Gessner writes about following a flock of migrating ospreys in his book Soaring with Fidel: An Osprey Odyssey from Cape Cod to Cuba and Beyond, which OnEarth contributor George Black noted is "filled with small delights." Despite the book's title and basic premise, however, Gessner believes that Soaring with Fidel is really "about the nature of human happiness," as noted by George Cohen in Booklist. The birds' migratory path is followed by the author and a British Broadcasting Corporation crew making a film about the birds. In addition to describing the birds, Gessner writes about the various people he meets during the journey. "This is a thoughtful and loving examination of these beautiful creatures," wrote Cohen, who insisted that the book is about the birds. Referring to the author as "a charming, literate maverick," Library Journal contributor Henry T. Armistead went on to write that he "engagingly takes the reader" along with him on the journey.
BIOGRAPHICAL AND CRITICAL SOURCES:
Gessner, David, A Wild, Rank Place: One Year on Cape Cod, University Press of New England (Hanover, NH), 1997.
Gessner, David, Under the Devil's Thumb, University of Arizona Press (Tucson, AZ), 1999.
Gessner, David, The Prophet of Dry Hill: Lessons from a Life in Nature, Beacon Press (Boston, MA), 2005.
American Biology Teacher, May, 2002, Edward J. Kormondy, review of Return of the Osprey: A Season of Flight and Wonder, p. 386.
Animals, spring, 2001, Rachel Dickinson, review of Return of the Osprey.
Audubon, May, 2001, Christopher Camuto, review of Return of the Osprey, p. 102.
Booklist, March 15, 1997, George Cohen, review of A Wild, Rank Place, p. 1208; February 1, 2001, Nancy Bent, review of Return of the Osprey, p. 1028; September 1, 2005, Carol Haggas, review of The Prophet of Dry Hill, p. 33; January 1, 2007, George Cohen, review of Soaring with Fidel: An Osprey Odyssey from Cape Cod to Cuba and Beyond, p. 34.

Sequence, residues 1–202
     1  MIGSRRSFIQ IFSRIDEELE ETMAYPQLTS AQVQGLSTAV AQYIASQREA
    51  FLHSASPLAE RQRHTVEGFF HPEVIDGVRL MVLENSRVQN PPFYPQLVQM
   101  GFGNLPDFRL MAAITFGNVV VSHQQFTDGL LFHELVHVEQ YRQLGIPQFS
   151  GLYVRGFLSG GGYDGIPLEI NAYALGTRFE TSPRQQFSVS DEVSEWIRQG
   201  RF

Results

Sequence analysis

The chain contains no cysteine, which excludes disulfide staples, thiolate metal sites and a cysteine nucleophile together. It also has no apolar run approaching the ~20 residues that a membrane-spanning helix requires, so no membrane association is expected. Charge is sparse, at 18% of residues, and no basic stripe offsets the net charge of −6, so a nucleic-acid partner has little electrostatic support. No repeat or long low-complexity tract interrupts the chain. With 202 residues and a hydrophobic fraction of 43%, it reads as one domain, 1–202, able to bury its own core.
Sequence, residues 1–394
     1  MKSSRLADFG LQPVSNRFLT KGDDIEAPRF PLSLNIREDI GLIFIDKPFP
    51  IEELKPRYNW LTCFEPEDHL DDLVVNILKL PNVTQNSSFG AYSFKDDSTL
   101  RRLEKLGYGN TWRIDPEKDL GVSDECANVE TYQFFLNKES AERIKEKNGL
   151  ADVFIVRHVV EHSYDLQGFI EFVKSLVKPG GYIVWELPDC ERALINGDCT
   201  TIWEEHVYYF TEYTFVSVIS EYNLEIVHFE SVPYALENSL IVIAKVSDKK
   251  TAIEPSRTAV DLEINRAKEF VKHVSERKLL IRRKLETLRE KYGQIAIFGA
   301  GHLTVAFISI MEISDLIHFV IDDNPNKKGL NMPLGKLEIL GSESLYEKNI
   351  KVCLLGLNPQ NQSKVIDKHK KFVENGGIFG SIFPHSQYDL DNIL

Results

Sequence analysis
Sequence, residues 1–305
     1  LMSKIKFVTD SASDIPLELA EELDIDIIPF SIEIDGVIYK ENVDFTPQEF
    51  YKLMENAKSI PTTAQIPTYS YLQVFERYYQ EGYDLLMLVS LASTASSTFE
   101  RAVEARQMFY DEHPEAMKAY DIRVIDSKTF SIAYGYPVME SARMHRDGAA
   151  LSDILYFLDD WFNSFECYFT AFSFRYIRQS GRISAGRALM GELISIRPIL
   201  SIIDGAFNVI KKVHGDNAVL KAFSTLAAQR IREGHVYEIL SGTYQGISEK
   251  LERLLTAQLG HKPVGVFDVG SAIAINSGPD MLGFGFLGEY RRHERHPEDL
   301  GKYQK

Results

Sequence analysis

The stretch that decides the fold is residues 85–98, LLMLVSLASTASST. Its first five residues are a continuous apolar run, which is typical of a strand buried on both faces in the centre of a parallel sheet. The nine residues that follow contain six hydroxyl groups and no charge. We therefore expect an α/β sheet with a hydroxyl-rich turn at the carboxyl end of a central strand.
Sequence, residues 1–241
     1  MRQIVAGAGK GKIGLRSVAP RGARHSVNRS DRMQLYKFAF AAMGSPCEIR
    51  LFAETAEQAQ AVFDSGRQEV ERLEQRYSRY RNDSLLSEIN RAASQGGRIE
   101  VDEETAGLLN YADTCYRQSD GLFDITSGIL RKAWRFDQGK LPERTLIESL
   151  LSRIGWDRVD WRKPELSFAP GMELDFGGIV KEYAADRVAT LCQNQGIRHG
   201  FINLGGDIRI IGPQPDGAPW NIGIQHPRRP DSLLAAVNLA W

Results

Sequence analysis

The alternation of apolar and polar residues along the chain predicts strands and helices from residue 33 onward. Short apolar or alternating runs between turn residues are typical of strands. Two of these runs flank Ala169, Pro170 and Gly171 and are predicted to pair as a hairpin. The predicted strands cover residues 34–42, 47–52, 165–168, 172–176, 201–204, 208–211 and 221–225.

California Bookwatch, May, 2006, review of The Prophet of Dry Hill,.
Choice, July-August, 2001, C. Leck, review of Return of the Osprey, p. 1986.
Georgia Review, summer, 1998, Douglas Carlson, review of A Wild, Rank Place.
Kirkus Reviews, January 15, 2007, review of Soaring with Fidel, p. 61.
Library Journal, April 1, 1999, Tim J. Markus, review of Under the Devil's Thumb, p. 124; February 15, 2001, Tim McKimmie, review of Return of the Osprey, p. 196; July, 2004, Maureen J. Delaney-Lehman, review of Sick of Nature, p. 113; March 1, 2007, Henry T. Armistead, review of Soaring with Fidel, p. 101.
OnEarth, spring, 2007, George Black, review of Soaring with Fidel.
Publishers Weekly, February 24, 1997, review of A Wild, Rank Place, p. 74; February 12, 2001, review of Return of the Osprey, p. 193; January 29, 2007, review of Soaring with Fidel, p. 53.
Science News, May 12, 2007, review of Soaring with Fidel, p. 303.
David Gessinger Home Page,http://www.davidgessner.com (August 16, 2007).
Ospreyworld.com,http://www.ospreyworld.com (August 16, 2007), brief biography of author.
"Gessner, David 1961-." Contemporary Authors. . Encyclopedia.com. (November 14, 2018). https://www.encyclopedia.com/arts/educational-magazines/gessner-david-1961
"Gessner, David 1961-." Contemporary Authors. . Retrieved November 14, 2018 from Encyclopedia.com: https://www.encyclopedia.com/arts/educational-magazines/gessner-david-1961
Encyclopedia.com gives you the ability to cite reference entries and articles according to common styles from the Modern Language Association (MLA), The Chicago Manual of Style, and the American Psychological Association (APA).
Within the “Cite this article” tool, pick a style to see how all available information looks when formatted according to that style. Then, copy and paste the text into your bibliography or works cited list.
Because each style has its own formatting nuances that evolve over time and not all information is available for every reference entry or article, Encyclopedia.com cannot guarantee each citation it generates. Therefore, it’s best to use Encyclopedia.com citations as a starting point before checking the style against your school or publication’s requirements and the most-recent information available at these sites:
Modern Language Association
The Chicago Manual of Style
American Psychological Association
- Most online reference entries and articles do not have page numbers. Therefore, that information is unavailable for most Encyclopedia.com content. However, the date of retrieval is often important. Refer to each style’s convention regarding the best way to format page numbers and retrieval dates.
- In addition to the MLA, Chicago, and APA styles, your school, university, publication, or institution may have its own requirements for citations. Therefore, be sure to refer to those guidelines when editing your bibliography or works cited list.